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The Brief - Too much sabre-rattling

Friday, 5 October 2018, 4:00 pm

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Too much sabre-rattling

By Georgi Gotev

Relations between Russia and the West are reaching a frighteningly low point. A recent statement by the US Ambassador to NATO reminded many of the 1961 Cuban missile crisis.
Kay Bailey Hutchison said Washington was prepared to consider a military strike if Russia continued developing a ground-based cruise medium-range missile unit.
She later tweeted  to say she didn’t mean “pre-emptively striking Russia”. Russia called the statement “dangerous”.
The two sides keep trading blame. Washington says Moscow is violating the 1987 Treaty on the Elimination of Intermediate-Range and Shorter-Range Missiles (INF).
Russia counters that the US started it, by deploying in Romania and Poland installations for the so-called missile shield, which can launch Tomahawk cruise missiles. Which are, by the way, also nuclear-capable.
The two sides also play dangerous war games close to each other’s borders. Russia conducted last month the biggest military manoeuvres in its history. Possibly in response, later this month, NATO will conduct its largest military exercises since the end of the Cold War .
To add insult to injury, hybrid warfare is taking place already, with a low-intensity conflict in eastern Ukraine and alleged Russian cyber-attacks targeting the most sensitive Western installations and companies.
NATO Secretary General Jens Stoltenberg has mentioned invoking Article 5 of the Washington Treaty, which outlines the principle of collective defence.
Article 5 states that an “armed attack” against one member of NATO “shall be considered an armed attack against them all” and opens the way for members to take defensive action to restore security.
Are we almost at war? And what is the EU doing to defuse these tensions? Austrian PM Sebastian Kurz, whose country holds the rotating Presidency of the EU, met Vladimir Putin on Wednesday for a fourth meeting this year.
He says his main concern was to keep dialogue channels with Russia open. And he has been doing good business, as a lobbyist for the Nord Steam 2 pipeline, in which Austria’s OMV is a stakeholder.
Actually, quite a few are doing good business, with impoverished Eastern European countries spending on expensive fighter jets, Donald Trump making sure that the European allies buy American, and Russia, as always, unable to produce a decent passenger car, making its only significant industry work.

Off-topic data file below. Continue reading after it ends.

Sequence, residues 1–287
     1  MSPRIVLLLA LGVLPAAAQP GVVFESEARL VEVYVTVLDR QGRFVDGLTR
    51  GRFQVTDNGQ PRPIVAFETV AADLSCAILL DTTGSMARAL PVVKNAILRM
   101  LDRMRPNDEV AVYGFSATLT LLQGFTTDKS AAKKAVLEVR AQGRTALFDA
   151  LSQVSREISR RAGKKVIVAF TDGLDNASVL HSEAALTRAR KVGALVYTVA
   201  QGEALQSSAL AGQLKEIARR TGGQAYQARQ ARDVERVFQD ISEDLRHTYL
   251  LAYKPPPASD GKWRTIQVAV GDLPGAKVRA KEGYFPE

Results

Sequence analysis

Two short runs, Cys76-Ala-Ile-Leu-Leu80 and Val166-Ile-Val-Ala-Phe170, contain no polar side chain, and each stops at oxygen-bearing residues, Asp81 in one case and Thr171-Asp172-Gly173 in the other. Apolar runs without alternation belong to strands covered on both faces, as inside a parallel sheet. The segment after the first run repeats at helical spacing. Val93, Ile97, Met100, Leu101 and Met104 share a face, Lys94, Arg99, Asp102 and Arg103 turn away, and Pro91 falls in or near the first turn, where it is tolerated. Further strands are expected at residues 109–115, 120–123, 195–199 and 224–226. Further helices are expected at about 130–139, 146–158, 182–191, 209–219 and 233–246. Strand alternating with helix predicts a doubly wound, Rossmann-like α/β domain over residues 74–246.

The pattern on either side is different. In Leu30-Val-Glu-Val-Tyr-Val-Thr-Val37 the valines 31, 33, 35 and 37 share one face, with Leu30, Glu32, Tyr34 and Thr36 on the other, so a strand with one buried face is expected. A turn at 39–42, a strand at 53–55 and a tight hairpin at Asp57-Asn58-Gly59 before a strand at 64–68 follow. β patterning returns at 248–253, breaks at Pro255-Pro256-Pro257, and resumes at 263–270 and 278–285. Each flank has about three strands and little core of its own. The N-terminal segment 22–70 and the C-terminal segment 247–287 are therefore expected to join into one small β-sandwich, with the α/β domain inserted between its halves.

Too much monkey business? Maybe, but there is nothing better than sabre-rattling to make the global industrial-military complex happy.

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The Roundup

By Alexandra Brzozowski

Germany’s grand coalition wants to introduce a 2% threshold to prevent small political parties from entering the European Parliament. No way, the German Federal Constitutional Court has repeatedly ruled.

Viktor Orbán’s offensive against the Central European University is at the core of the worsening relationship between Hungary and the EU institutions. Tibor Navracsics, insists that he is “deeply interested” in keeping the university in Budapest.

Hungary and Poland go lethal and challenge EU’s posted workers reform in the European Court of Justice.

Council President Tusk sharply criticised what he called “emotional” and “insulting” statements about the EU by British ministers and urged London to accept an offer of very close post-Brexit ties. EU negotiators meanwhile see a Brexit deal ‘very close’.

If Bosnia, Albania, Serbia, Macedonia, Montenegro and Kosovo do not feel the EU is serious about offering them future membership, the spectre of a new Balkans war lies in the air, said Commission chief Juncker.

Turkish President Erdoğan, meanwhile, is considering putting a long-stalled bid to join the EU to referendum.

Look out for...


Romanians will vote on the definition of marriage and whether to change the country’s constitution. Election weekend: In the light of growing Russian disinformation campaigns, we should watch the parliamentary elections in Latvia tomorrow (6 October) closely, writes Harry Nedelcu. As Bosnians prepare to vote on Sunday (7 October), some lament being ‘second-class citizens’.
It’s also the first round of Brazil’s presidential election. The frontrunner is Jair Bolsonaro, a former army commander who was stabbed a few weeks ago, wants to allow the exploitation of the Amazon and may drag Brazil out of the Paris Agreement.
 
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